Rafael Nadal undergoes surgery two weeks after French Open withdrawal as Spaniard seeks answers
The announcement on the surgery came two weeks after Nadal withdrew from the French Open and revealed that 2024 could possibly be his final year in the sport.
Rafael Nadal on Saturday announced that he is undergoing an arthroscopic surgery to examine his left psoas muscle which has been the reason behind his long absence from the sport. The procedure is being conducted in Barcelona by Dr. Philippon, Dr. Vilaró and Dr. Ruiz-Cotorro as Nadal looks for a solution pertaining to his possible return to tennis later this year.
Nadal has played only four matches in 2023. He played two for Spain in the inaugural edition of the United Cup and two in Australian Open where he suffered a shock second-round exit. It was during that match when Nadal had injured his hip for which he initially felt that a month of recovery period would be enough. But after missing the hard-court masters in Indian Wells and Miami, the Spaniard withdrew from the entire clay-court season as well including the French Open, where he has won 14 titles.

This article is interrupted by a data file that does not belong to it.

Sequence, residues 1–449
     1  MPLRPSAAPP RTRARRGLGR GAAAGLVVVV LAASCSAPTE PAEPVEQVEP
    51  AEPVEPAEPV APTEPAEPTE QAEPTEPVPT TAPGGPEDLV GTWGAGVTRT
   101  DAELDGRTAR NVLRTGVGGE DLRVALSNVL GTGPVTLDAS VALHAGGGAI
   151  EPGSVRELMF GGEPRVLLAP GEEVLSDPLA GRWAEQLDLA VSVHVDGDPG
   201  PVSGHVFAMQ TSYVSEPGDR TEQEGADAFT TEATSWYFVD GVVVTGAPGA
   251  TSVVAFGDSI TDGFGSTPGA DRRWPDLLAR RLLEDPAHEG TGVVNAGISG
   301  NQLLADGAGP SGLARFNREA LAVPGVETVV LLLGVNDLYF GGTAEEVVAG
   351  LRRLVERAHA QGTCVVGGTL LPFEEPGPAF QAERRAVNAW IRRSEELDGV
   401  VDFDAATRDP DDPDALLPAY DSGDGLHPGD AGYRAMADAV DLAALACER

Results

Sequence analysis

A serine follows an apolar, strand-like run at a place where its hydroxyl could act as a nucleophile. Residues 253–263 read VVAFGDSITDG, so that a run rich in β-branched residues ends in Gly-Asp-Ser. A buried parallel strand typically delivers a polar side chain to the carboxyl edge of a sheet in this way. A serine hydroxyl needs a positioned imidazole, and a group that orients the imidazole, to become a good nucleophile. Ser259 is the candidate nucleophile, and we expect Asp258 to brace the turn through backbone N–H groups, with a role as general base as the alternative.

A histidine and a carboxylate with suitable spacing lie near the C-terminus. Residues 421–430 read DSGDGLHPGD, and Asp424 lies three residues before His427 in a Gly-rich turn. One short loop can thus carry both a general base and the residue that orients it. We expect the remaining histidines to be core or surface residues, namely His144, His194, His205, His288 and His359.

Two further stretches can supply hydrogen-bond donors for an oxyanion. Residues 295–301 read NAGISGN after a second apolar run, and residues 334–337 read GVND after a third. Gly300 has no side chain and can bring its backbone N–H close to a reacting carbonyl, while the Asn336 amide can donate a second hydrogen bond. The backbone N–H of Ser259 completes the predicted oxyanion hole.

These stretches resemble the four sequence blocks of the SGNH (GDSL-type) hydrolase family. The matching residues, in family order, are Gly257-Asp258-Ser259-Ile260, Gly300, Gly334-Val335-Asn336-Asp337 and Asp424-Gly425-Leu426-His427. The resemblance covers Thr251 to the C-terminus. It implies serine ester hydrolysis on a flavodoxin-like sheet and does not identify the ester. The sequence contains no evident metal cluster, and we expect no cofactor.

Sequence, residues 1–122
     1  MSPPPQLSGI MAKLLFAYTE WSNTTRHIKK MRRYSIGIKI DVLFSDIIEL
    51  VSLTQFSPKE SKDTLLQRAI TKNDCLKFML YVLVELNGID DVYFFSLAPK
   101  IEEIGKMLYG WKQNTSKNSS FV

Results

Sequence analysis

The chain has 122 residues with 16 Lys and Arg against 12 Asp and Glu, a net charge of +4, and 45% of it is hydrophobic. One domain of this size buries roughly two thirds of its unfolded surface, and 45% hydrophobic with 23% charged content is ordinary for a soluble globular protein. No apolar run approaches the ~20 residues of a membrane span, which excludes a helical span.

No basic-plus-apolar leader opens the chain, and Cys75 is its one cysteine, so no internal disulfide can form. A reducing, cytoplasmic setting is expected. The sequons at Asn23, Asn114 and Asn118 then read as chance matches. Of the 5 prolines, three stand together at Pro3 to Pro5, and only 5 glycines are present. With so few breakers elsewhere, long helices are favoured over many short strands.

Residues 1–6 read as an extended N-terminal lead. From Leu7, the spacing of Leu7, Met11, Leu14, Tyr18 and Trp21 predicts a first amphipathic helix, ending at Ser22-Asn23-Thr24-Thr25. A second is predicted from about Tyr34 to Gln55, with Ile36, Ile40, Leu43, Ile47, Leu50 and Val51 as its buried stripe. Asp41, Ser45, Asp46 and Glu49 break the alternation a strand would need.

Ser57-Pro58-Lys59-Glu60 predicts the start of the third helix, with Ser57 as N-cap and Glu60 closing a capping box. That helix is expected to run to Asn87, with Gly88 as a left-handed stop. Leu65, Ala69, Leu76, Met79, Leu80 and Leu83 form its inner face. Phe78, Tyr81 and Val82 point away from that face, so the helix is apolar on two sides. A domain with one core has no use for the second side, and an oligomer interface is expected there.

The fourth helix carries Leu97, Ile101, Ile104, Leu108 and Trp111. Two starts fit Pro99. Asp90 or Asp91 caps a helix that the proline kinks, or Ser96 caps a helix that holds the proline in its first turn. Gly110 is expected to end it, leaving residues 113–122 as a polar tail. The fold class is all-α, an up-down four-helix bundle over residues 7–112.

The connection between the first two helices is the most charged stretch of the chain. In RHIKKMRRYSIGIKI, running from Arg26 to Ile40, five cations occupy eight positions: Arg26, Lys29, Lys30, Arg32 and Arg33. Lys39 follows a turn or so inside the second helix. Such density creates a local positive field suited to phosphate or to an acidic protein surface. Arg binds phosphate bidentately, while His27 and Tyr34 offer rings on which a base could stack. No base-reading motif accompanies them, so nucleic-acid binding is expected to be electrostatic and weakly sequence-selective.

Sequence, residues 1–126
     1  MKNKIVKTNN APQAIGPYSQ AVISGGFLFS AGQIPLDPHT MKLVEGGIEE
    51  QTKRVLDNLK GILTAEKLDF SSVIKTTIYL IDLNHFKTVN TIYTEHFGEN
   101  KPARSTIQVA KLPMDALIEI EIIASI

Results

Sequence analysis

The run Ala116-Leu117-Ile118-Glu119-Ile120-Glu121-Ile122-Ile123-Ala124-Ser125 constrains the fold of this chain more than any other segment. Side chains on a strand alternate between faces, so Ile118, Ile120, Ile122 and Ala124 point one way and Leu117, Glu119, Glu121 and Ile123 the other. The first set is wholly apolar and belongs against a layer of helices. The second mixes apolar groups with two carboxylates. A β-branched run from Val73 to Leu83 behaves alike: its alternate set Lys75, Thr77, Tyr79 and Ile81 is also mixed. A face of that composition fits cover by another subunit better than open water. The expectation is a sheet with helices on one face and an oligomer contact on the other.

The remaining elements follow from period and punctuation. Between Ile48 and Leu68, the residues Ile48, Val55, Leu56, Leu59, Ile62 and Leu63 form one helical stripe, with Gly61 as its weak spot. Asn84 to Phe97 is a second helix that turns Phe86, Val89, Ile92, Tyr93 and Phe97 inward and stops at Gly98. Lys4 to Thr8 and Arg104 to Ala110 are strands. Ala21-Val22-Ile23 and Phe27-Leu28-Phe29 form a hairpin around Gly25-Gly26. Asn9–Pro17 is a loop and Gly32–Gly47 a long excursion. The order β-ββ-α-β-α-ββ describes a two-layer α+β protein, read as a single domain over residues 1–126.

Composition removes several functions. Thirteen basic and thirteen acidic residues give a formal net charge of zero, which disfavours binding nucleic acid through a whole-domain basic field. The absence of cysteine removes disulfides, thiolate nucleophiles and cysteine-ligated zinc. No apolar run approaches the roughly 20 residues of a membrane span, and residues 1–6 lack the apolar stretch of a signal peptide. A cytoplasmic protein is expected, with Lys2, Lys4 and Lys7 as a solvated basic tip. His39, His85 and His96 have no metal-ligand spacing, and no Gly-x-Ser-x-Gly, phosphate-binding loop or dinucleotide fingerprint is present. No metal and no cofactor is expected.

The announcement on the surgery came two weeks after he withdrew from the French Open and revealed that 2024 could possibly be his final year in the sport. During the press conference, held his Mallorcan academy, Nadal, who celebrates his 37th birthday today, admitted that he intends to stay away from the court and give ample time to recovery ahead of his final year in professional tennis.
"That would be my objective, to try to stop to face the last year of my sports career with the guarantees of being able to enjoy it," he said.
He added: "And I am aware that if I continue playing at this moment, I do not think that this can happen next year and I want to give myself the chance of this happening."
The surgery could eventually leave Nadal with a concrete answer on the extent of the injury and whether it could be a permanent solution for it whoch could in turn possibly extend his career and change his plans to go beyond 2024.